Why acclimate?

October 6, 2008 at 6:58 pm | Posted in Why acclimate? | Leave a comment
Tags: , , ,

There are lots of climate science blogs. But they’re mostly run by climate scientists. Or by people who have been following climate science for durations that are as close to glacial as the human lifespan allows.

For them, words like feedback, albedo and thermohaline need no translation. For many of the rest of us, they might as well be from a Martian lexicon. 

Climate science and climate change, though, are very much about the earth – the only place in the universe fit for human dwelling, so far as we know. Yet, despite efforts by newspapers and other media sources to educate the public about what is known – or unknown – about climate change, confusion abounds. 

It’s not surprising, it’s a dense topic. And energy politics has muddled clear communication about climate certainties and uncertainties for years. Hence, the dwindling use of the term ‘global warming,’ and its replacement by the less politically charged ‘climate change.’

Yet, climate science has gone on, producing ever more alarming forecasts: the oceans could rise by meters, temperatures could soar, cyclones and hurricanes may lash human communities more often, the American Southwest might go bone dry, the ocean’s turbine could stall and send Europe into a new ice age.

The alarms are broadcast. But how many of us really understand why the projections are so doomsday?

Of course, it’s not possible for us to know exactly what the scientists know – they live and breathe climate, while the rest of us just make do with our daily weather.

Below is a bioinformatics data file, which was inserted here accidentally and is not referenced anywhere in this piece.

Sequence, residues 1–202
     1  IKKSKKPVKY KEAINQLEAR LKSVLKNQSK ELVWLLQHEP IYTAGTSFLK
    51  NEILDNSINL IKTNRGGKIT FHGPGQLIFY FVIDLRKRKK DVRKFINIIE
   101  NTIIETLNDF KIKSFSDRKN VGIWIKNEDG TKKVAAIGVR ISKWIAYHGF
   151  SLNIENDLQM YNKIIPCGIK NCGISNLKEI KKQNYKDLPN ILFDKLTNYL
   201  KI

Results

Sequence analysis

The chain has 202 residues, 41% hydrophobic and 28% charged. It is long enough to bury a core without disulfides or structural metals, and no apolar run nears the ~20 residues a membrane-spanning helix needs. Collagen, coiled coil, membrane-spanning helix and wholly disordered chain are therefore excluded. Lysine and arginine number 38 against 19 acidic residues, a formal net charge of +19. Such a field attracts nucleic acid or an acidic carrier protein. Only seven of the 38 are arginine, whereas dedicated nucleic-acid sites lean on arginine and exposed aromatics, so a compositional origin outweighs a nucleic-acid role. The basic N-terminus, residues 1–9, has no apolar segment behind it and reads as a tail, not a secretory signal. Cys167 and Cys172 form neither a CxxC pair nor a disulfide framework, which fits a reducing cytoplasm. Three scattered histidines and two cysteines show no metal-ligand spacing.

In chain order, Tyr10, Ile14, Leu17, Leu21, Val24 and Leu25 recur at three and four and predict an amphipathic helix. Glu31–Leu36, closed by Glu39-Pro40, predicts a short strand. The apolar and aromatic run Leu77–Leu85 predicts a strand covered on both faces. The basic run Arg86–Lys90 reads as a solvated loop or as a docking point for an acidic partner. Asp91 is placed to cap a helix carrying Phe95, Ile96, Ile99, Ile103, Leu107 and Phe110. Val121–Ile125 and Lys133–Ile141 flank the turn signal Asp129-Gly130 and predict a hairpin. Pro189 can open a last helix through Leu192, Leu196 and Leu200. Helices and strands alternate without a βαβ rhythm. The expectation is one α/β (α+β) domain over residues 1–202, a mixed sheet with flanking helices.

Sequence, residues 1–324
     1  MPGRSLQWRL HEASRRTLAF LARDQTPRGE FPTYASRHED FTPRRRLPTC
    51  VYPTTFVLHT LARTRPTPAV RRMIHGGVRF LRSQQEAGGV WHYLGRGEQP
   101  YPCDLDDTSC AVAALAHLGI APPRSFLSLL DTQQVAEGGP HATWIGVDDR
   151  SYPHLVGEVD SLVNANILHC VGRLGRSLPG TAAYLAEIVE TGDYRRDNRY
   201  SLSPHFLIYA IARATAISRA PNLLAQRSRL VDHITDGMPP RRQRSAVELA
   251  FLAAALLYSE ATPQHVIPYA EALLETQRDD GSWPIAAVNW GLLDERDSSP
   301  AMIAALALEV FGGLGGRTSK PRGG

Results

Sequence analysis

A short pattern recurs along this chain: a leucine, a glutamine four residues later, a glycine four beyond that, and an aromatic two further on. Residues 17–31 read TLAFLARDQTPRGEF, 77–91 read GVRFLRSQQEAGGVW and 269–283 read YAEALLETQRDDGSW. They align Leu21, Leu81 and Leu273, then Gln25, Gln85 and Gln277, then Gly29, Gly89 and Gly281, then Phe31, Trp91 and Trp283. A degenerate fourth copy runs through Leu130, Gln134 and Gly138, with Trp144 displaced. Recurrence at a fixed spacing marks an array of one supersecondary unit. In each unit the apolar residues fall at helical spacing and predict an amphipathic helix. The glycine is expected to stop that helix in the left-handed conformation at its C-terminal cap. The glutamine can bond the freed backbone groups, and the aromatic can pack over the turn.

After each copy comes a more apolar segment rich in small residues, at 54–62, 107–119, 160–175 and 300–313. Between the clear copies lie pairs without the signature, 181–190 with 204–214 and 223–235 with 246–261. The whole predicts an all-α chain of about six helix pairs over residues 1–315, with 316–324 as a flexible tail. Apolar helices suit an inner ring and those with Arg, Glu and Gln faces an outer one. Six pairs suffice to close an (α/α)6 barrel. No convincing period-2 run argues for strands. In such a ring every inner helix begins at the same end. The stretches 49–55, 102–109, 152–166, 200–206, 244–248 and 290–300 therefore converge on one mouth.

We can, however, boost our understanding of the science. And if we do so, we’ll be in a better position to evaluate the policies proposed for responding to climate change. We will, in a word, be in a better position to acclimate.

Toward that goal, this blog is going to focus on how we are already acclimating to scientists’ warnings about the climate, and how we might do so going forward. And, since the science can seem so alien, I hope to translate some climate research into down-to-earth language, while mapping out its current areas of focus.

Leave a Comment »

RSS feed for comments on this post. TrackBack URI

Leave a Reply

Fill in your details below or click an icon to log in:

WordPress.com Logo

You are commenting using your WordPress.com account. Log Out /  Change )

Google photo

You are commenting using your Google account. Log Out /  Change )

Twitter picture

You are commenting using your Twitter account. Log Out /  Change )

Facebook photo

You are commenting using your Facebook account. Log Out /  Change )

Connecting to %s

Blog at WordPress.com.
Entries and comments feeds.

%d bloggers like this: